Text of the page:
During the hostilities of World War II, groups of citizens and policy makers began to plan for post-war economic and social organization, seeking ways to avoid a collapse like the Depression of the early 1930s. Advisors to Ottawa on post-war reconstruction included Principals Robert Wallace of Queen’s University and Cyril James of McGill. Neither were physicians, but they were interested in equitable health care delivery and the programs used in Russia, an ally in the struggle against fascism. As part of Queen’s University Centennial celebrations in 1941, Wallace awarded honorary doctorates to James and to Dr Henry E. Sigerist. The erudite, Swiss-born Sigerist was a physician and professor of history at Baltimore’s prestigious Johns Hopkins University medical school. In his prominent book on Soviet medicine (Sigerist, Reference Sigerist1937), Sigerist had expressed the idea that medicine should develop along simultaneous, parallel lines of social and technological progress, with research in both. He warned that North American medicine was emphasizing technological over social progress. Some medical reviewers condemned Sigerist’s book as ‘propaganda’, deriding a historian for daring to comment on contemporary health care (C.B.F., 1938). However, others were taken with his Soviet example and the notion that medicine could concentrate on disease prevention (Davis, Reference Davis1938). On 30 January 1939, Sigerist graced the cover of Time magazine. For his socialist views, however, he would eventually be hounded out of the United States through the intimidation of the McCarthy era. Despite Sigerist’s fame, the Queen’s degree would be his only honorary doctorate (Duffin and Falk, Reference Duffin1996).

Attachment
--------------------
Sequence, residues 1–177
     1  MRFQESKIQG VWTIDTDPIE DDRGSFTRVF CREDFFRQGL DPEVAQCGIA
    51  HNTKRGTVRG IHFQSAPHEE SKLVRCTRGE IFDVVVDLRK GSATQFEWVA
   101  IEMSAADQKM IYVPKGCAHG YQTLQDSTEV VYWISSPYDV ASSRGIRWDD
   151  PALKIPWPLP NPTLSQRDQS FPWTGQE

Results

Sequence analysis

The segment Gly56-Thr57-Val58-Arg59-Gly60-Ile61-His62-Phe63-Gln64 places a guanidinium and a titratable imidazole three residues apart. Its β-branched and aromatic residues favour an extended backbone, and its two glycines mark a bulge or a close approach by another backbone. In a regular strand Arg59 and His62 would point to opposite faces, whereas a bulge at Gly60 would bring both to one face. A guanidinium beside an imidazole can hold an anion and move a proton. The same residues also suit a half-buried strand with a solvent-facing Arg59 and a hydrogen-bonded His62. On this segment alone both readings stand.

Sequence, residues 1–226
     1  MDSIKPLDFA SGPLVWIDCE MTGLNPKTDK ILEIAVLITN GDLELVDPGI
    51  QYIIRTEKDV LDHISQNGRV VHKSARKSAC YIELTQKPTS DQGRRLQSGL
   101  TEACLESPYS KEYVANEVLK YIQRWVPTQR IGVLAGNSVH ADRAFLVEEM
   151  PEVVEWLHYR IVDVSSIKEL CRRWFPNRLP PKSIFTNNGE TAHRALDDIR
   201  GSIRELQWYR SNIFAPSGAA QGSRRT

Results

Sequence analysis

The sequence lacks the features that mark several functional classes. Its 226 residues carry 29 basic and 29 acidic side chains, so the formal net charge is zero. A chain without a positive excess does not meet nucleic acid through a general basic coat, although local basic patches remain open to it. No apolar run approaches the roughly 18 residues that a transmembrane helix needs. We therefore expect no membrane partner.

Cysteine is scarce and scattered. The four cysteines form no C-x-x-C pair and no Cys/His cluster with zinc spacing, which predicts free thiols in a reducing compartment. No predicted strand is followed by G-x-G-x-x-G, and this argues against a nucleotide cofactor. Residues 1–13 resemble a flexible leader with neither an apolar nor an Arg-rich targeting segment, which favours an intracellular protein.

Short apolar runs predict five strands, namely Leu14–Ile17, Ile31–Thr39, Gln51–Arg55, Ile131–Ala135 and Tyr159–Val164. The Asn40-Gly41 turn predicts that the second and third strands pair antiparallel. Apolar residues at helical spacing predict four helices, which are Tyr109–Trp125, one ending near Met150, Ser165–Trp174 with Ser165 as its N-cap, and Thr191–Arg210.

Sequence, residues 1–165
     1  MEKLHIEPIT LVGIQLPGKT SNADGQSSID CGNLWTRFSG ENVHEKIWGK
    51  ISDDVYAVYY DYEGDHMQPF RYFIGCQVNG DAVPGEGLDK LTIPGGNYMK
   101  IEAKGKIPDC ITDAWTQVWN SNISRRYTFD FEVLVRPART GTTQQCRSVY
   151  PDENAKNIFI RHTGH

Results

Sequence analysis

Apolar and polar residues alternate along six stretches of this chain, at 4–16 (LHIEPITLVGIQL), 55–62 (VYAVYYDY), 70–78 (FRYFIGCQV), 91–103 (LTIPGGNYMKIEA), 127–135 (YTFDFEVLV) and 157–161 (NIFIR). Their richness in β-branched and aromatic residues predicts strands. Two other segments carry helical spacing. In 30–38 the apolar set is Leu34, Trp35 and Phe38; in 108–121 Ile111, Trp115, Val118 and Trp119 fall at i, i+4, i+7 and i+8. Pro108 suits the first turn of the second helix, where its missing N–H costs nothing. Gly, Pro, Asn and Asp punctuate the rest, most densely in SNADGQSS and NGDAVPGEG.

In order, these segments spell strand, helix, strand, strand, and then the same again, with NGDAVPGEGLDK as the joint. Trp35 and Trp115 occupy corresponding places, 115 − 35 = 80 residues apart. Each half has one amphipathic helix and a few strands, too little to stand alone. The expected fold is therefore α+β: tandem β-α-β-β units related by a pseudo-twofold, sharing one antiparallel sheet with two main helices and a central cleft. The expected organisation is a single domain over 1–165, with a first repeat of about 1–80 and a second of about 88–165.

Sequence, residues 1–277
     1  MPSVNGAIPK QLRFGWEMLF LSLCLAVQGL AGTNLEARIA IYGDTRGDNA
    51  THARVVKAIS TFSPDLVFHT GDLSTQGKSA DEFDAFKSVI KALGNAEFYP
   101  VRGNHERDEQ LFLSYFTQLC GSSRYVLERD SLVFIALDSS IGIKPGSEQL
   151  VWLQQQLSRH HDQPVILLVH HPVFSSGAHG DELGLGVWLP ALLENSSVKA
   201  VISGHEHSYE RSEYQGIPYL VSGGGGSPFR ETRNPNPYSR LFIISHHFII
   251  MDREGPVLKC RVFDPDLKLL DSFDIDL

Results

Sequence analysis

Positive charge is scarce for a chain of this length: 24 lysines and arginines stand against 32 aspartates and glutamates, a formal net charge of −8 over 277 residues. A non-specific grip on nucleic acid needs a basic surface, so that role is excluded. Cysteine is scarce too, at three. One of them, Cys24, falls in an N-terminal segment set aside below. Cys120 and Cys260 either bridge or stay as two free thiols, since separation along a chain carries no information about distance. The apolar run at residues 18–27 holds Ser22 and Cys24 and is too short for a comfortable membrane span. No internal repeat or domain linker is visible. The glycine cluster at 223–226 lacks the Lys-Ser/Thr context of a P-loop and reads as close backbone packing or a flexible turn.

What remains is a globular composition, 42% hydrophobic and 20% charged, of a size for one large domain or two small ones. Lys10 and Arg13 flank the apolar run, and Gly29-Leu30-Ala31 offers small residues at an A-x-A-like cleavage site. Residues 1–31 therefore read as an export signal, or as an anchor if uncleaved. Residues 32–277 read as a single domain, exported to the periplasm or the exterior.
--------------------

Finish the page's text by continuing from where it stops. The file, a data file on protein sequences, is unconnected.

Dr Sigerist came to Canada again in 1943 and 1944, invited by small but active organizations interested in medicare: the CAMSI, the Health League of Canada and the Canadian–Soviet Friendship Society. Founded in 1938, CAMSI established international electives for medical students, worked to improve education, published a journal and organized an intern-matching program – precursor of today’s Canadian Resident Matching Service (Apramian, Reference Apramian2017). From 1942 to 1968, the CAMSI Journal published articles about social security, old age pensions, group practice, outmoded prisons and history. The editors invited distinguished medical professors from across North America to contribute: William Boyd, Harry Goldblatt, Wilder Penfield, Donald D. VanSlyke and Paul D. White. Henry Sigerist contributed papers on Soviet medicine and on the social history of medicine (Sigerist, Reference Sigerist1942, Reference Sigerist1943, Reference Sinclair1945). CAMSI Journal also featured an article by the newly elected Premier of Saskatchewan, Tommy C. Douglas (Reference Douglas1945) – something the Canadian Medical Association Journal (CMAJ) never managed to do.